My Thoughts on Pepper

I began this review by talking about UNO. While the two games are not exactly the same, they actually do share quite a bit in common with one another. In UNO the objective of the game is to get rid of all of your cards by matching the number/word or color of the previously played card. In Pepper things are similar as you need to play a card that either matches the color or is higher than the previously played card.

As the two games share a similar concept, it shouldn’t surprise anyone that it is quite easy to play Pepper. As it only has a couple rules you can explain the game to new players in just a few minutes. While Pepper has a recommended age of 8+, I think younger children could play the game as it is pretty straightforward as long as you can count to six and know your colors. Just like with UNO, Pepper is the type of game that should work well with people that don’t generally play a lot of board/card games.

With the game being so simple it is not surprising that most games of Pepper should play pretty quickly. As each player only has five cards and no new cards are added during the game, there is a limit on how long the game can take. I would expect most games to only last around five to fifteen minutes. You can occasionally get into a situation where you get into a loop though where a game can take quite a bit longer. This doesn’t seem to happen often though. With how quick the game is to play, Pepper should work pretty well as a filler game for when you need a break or don’t have a lot of time. With how small the case is I can also see it working well as a travel game.

While the core of Pepper shares quite a bit in common with UNO, there are a couple areas where the two games differ which have a pretty big impact on the gameplay.

Probably the biggest difference is the fact that you are playing cards against an individual player instead of a center pile. This means that there is no specified turn order in the game. Whoever the last card was played against will get to play the next card. Therefore turn order can jump all over the place. You could even get two players that keep playing cards against one another keeping the other players out of the game. While likely rare there is even a chance for a player to not even be able to play a card in the entire game.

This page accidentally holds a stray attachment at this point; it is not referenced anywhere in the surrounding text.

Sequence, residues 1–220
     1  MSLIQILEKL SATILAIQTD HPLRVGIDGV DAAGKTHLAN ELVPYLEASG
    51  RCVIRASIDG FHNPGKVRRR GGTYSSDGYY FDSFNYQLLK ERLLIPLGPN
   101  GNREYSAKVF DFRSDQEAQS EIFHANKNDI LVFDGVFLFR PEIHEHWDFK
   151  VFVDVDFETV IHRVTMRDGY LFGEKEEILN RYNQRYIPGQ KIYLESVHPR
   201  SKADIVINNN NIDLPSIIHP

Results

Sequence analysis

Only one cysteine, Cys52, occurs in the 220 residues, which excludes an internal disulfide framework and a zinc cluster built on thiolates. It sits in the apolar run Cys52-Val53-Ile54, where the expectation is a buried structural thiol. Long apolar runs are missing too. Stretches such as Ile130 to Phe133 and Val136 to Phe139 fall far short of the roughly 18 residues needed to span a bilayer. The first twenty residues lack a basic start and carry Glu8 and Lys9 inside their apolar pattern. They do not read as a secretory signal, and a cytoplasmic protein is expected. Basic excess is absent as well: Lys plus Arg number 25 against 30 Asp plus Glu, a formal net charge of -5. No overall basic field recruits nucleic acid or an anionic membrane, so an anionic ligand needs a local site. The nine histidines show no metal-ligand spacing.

While this mechanic creates some issues with players not even being able to play cards, it does add some potential strategy to the game. At first it might seem like it doesn’t really matter who you play your cards against. It turns out that the easiest way to win the game is due to another player messing up by playing a card against the wrong player. There is some strategy in who you play a card against. You could play a card against a player that only has one or two cards left as they are less likely to be able to play a card thus forcing them to pick up all of the cards in front of them. Otherwise you could play a card against a player with a lot of cards. They will likely be able to play a card, but they won’t be able to win the game yet.

Choosing who to play a card against actually creates a memory mechanic for the game. While the game doesn’t require you to memorize the cards in the game, Pepper rewards players that are able to remember which cards the other players have. As there is a set group of cards used for each game, after a while it will be possible to know and remember all of the cards in the game. If you know what cards each player has you know which players will be able to respond to the card you plan on playing. This is especially important for players who only have one card remaining. Before you give them the opportunity to play their last card, it would be helpful to know if they have another card of the same color or a card with a higher number. If you know what the last card the player holds is you know if you can safely play a card against them. If you don’t know what card they have, you are taking a risk that they will be able to play their last card and win the game.